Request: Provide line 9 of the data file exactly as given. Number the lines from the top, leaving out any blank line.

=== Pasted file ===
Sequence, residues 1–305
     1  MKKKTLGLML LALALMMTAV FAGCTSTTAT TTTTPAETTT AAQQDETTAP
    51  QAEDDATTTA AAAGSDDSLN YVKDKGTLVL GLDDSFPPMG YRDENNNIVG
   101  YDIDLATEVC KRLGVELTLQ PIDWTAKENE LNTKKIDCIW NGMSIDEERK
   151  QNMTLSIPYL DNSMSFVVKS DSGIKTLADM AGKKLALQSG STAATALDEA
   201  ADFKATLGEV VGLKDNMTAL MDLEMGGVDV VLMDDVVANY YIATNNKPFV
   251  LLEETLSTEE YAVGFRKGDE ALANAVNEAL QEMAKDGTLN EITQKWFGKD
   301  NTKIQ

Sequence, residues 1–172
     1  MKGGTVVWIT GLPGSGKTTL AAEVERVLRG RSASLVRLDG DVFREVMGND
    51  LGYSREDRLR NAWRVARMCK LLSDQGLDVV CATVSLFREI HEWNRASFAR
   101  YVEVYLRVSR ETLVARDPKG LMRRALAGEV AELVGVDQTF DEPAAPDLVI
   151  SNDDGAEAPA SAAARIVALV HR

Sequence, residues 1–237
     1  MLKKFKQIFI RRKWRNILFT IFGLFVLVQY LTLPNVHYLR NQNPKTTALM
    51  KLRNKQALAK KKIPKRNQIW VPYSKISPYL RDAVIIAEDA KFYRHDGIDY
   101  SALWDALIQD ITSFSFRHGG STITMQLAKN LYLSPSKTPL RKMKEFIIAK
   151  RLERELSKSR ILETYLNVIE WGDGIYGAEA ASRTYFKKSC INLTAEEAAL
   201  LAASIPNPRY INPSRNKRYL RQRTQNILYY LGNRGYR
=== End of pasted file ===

Sequence, residues 1–172